Slate‘s Jack Shafer says it so that I don’t have to:
For as long as I’ve been alive, crosshairs and bull’s-eyes have been an accepted part of the graphical lexicon when it comes to political debates. Such “inflammatory” words as targeting, attacking, destroying, blasting, crushing, burying, knee-capping, and others have similarly guided political thought and action. Not once have the use of these images or words tempted me or anybody else I know to kill. I’ve listened to, read—and even written!—vicious attacks on government without reaching for my gun. I’ve even gotten angry, for goodness’ sake, without coming close to assassinating a politician or a judge.
The only thing I’ll add is that government officials command such vast power — power to bankrupt, imprison, maim and, yes, kill — that refraining from using “vitriol” (as Pima County’s Sheriff Clarence Dupnik puts it) in criticizing people who seek to wield that power borders on the irresponsible.
Update: Liberranter correctly points out that this is an appropriate place for John Green’s (the father of slain Christina Green) moving call to refrain from using this incident as an excuse for more restrictions on our freedom.
Let me express, for the record, my contempt for the predictable creatures who see in the Tucson shooting spree and assassination attempt on Rep. Gabrielle Giffords an opportunity to smear people who speak unkindly about the government. It would be bad enough to extrapolate from one actor some sort of false collective guilt for anybody who shares a few political or social views, but that’s an extra stretch in this case, given that the only consistent strain in Jared Lee Loughner’s ravings about mathematics and mind control was whatever was provided by the random misfirings of his neurons. His YouTube page listed favorite books including bothMein Kampf and Communist Manifesto — potentially indicating a catholic interest in totalitarianism, though I doubt that well-connected a thread runs through his thoughts.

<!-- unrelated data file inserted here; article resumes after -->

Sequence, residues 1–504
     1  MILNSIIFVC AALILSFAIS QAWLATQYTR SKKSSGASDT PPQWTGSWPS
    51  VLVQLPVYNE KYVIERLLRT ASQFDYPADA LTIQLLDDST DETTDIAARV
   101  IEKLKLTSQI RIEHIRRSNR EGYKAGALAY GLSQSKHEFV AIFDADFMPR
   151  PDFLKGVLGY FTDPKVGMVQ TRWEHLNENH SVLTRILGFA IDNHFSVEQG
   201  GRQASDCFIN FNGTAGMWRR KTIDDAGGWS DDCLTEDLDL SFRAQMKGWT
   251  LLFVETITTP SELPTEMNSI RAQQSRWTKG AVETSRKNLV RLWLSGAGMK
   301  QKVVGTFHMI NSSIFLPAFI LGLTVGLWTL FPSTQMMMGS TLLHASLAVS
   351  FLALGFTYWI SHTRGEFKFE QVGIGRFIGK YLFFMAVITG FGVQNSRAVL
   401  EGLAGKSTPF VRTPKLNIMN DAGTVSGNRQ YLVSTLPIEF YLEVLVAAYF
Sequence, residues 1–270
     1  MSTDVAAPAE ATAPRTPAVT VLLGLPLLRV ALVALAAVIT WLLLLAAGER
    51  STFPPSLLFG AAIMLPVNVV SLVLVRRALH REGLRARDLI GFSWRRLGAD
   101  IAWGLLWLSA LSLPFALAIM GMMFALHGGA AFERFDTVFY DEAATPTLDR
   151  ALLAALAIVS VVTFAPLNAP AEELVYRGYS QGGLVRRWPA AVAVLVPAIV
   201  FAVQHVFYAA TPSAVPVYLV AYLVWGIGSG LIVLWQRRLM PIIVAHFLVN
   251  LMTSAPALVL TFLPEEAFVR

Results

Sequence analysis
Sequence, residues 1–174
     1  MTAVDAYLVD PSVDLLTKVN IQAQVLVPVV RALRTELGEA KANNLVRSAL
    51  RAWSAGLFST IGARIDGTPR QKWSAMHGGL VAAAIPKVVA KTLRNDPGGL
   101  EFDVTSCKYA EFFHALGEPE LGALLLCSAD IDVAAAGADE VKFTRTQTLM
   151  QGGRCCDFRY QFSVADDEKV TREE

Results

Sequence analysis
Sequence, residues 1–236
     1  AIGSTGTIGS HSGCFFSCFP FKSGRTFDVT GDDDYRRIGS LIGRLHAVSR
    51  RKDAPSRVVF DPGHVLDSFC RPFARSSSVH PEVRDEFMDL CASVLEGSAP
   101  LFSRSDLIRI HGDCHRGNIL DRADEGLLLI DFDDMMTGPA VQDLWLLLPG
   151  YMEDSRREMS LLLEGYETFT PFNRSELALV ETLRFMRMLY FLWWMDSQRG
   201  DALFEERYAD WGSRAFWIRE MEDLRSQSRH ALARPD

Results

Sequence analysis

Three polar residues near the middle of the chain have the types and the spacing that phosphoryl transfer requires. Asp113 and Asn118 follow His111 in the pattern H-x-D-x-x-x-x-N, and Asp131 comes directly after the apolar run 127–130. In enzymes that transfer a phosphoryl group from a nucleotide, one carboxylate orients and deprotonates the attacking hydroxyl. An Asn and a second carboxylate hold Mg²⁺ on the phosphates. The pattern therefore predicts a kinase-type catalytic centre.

Basically, Loughner’s crime can’t be blamed on anybody but himself, and his writings and actions lay quite a solid groundwork for a criminal insanity defense.
But never doubt the readiness of the usual suspects to piggyback favorite pre-packaged authoritarian bills on the emotional reaction to the shooting.
Rep. Robert Brady, (jackass, Pennsylvania), is pushing a pet law “making it a federal crime for a person to use language or symbols that could be perceived as threatening or inciting violence against a Member of Congress or federal official.”
“Perceived as threatening”? That’s great. I have yet to meet a government official who doesn’t “perceive” the slightest criticism as the equivalent of a thrown glove.
Brady said it is now time to put an end to the hyper-charged language.
“The rhetoric is just ramped up so negatively, so high, that we have got to shut this down,” Brady said, noting that “I’ve had my share of death threats” over his many years in politics.